Thomas Piketty is in many ways an easy target, and Deirdre Nansen McCloskey takes a clear aim in her review of the populist economist’s two most recent books, Time for Socialism and A Brief History of Equality (May 6).

When she takes aim at Piketty’s blueprint for progress towards a more equitable share of the pie, however, several of her arrows miss the target – at least in these United States. For example: “Or consider higher education in the US, which is largely financed directly by tuition payments from the beneficiaries and their parents, and not by taxes on the generality”. Has McCloskey missed the continuing debate in Washington about partial or total forgiveness of tuition debt (given that this burden has passed credit-card indebtedness?). Likewise, she speaks of pensions as a retirement nest egg: other than for an ever narrower slice of America, these are now things of the past. And as for the “three-generation family living under one roof”, in today’s mobile or would-be mobile society, this anachronistic arrangement harks back to the days when extended families lived on the same block of the same town. It is now more one of economic necessity than of choice.

Finally, McCloskey invokes Adam Smith, who scorned the “man of the system … enamored with the supposed beauty of his own ideal plan of government”. My revered fellow Scot is often subject to originalist interpretation, not least by the institute that bears his name, but I would submit that Smith, first and foremost a moral philosopher, and 250 years on from The Theory of Moral Sentimentswould have shared Piketty’s alarm at the global stain of hyper-inequality.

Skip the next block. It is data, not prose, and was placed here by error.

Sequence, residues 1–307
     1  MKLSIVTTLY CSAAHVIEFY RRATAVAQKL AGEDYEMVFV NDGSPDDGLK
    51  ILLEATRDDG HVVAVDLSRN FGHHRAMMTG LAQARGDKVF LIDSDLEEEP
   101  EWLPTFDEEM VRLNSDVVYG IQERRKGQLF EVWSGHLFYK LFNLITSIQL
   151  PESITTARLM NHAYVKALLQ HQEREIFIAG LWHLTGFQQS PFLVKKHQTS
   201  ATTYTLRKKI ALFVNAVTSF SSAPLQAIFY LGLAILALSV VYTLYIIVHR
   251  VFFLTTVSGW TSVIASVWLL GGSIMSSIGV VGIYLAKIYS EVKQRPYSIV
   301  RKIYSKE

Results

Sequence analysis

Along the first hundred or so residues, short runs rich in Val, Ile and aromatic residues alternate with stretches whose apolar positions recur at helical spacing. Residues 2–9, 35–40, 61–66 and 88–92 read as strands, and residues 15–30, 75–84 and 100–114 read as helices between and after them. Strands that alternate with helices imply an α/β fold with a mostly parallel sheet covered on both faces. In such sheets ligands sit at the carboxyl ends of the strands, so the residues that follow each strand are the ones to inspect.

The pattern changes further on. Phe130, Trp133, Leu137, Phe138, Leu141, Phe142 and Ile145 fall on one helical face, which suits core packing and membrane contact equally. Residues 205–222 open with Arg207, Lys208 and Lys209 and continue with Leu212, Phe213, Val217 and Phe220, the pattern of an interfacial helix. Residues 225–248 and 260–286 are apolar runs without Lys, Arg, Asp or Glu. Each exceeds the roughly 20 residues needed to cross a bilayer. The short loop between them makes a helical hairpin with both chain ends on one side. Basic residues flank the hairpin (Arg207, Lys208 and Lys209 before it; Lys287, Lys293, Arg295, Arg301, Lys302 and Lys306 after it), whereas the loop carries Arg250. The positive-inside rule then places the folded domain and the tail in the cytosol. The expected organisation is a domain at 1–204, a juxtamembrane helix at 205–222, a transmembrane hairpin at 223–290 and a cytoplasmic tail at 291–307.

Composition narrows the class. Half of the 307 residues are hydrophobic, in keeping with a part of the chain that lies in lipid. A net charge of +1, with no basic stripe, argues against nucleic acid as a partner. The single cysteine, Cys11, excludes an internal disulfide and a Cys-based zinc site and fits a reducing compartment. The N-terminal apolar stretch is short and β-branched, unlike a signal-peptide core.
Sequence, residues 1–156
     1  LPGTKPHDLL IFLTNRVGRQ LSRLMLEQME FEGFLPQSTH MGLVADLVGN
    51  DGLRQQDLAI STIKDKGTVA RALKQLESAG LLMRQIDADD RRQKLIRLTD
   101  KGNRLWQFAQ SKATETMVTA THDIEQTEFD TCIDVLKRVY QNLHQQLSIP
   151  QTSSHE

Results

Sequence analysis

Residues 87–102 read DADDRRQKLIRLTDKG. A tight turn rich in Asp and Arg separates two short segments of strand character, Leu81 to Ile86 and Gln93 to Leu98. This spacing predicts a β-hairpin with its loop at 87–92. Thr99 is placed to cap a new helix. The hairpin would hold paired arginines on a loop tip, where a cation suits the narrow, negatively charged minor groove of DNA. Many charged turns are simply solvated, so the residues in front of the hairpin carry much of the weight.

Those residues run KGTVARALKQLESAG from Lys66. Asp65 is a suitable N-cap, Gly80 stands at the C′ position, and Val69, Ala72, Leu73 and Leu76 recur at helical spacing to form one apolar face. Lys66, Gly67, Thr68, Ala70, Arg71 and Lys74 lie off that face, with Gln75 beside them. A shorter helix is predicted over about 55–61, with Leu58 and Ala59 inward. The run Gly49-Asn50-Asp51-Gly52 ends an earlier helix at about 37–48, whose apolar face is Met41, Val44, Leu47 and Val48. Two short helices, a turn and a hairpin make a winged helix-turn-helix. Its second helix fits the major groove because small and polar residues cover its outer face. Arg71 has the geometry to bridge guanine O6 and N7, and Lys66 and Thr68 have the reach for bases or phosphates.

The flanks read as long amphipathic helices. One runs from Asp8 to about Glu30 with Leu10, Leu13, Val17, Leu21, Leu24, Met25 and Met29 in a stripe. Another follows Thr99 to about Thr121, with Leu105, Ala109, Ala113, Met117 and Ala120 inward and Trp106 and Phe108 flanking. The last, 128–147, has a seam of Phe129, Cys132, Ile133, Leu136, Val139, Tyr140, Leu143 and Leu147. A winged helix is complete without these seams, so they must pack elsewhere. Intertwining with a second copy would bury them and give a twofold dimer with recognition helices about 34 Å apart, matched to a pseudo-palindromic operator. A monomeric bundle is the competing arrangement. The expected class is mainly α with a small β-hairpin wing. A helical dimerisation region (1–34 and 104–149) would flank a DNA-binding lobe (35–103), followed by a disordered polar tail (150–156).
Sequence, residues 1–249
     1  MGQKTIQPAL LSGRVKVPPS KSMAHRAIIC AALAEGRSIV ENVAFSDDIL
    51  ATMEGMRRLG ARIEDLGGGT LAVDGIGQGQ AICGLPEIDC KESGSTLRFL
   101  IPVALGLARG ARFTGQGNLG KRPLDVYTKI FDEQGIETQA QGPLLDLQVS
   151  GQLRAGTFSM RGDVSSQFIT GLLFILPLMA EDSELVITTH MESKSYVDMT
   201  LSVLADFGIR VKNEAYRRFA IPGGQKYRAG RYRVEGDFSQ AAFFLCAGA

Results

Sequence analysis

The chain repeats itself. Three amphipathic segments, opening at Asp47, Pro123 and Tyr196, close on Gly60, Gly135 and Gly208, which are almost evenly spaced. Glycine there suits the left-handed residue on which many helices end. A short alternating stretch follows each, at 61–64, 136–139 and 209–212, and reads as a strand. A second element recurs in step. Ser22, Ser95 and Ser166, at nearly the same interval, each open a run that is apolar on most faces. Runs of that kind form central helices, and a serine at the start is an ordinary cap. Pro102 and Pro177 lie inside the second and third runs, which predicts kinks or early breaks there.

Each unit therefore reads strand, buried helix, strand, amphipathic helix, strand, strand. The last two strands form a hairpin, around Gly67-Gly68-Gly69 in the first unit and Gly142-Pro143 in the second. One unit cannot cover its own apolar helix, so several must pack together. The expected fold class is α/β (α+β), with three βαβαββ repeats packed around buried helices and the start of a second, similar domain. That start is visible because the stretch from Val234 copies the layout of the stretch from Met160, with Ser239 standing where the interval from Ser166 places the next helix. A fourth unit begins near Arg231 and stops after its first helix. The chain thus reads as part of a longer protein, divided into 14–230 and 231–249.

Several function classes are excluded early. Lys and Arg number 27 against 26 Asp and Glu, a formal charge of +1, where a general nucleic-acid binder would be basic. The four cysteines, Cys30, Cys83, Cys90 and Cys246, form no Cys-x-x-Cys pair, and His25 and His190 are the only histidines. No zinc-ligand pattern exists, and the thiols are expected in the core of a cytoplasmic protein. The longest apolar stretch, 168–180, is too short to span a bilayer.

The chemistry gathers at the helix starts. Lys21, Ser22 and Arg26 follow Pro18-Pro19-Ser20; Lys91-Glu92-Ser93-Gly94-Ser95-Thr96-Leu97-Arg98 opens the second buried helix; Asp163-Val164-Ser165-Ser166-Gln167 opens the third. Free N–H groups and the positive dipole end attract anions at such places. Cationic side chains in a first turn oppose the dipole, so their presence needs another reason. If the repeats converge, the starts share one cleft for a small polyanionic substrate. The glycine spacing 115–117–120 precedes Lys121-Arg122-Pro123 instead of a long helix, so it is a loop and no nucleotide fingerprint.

David C. Speedie
Charlottesville VA

In defense of ‘Heaven’s Gate’

Melville’s Moby-Dick was not read until the twentieth century; Dickinson was edited and altered. Michael Cimino’s Heaven’s Gate was pulled in the week when it opened in New York on November 18, 1980, and disliked by everyone. This was the date, Graham Daseler writes in his review of Charles Elton’s book on Cimino, when the Hollywood renaissance of the 1970s ended.

Cimino’s films had style over substance, Daseler writes, but there are few films with as much substance as Heaven’s Gate. It may be, as the film historian Christopher Sharrett notes, “the most politically radical Western made in the United States”. We must look to Visconti’s The DamnedLeone’s Once Upon a Time in the West and Bertolucci’s 1900 for films comparable to Cimino’s. The Criterion Blu-ray (2012) was the first time we saw Heaven’s Gate as Cimino made it.

Bob Buckeye
Middlebury VT

Classical musical politics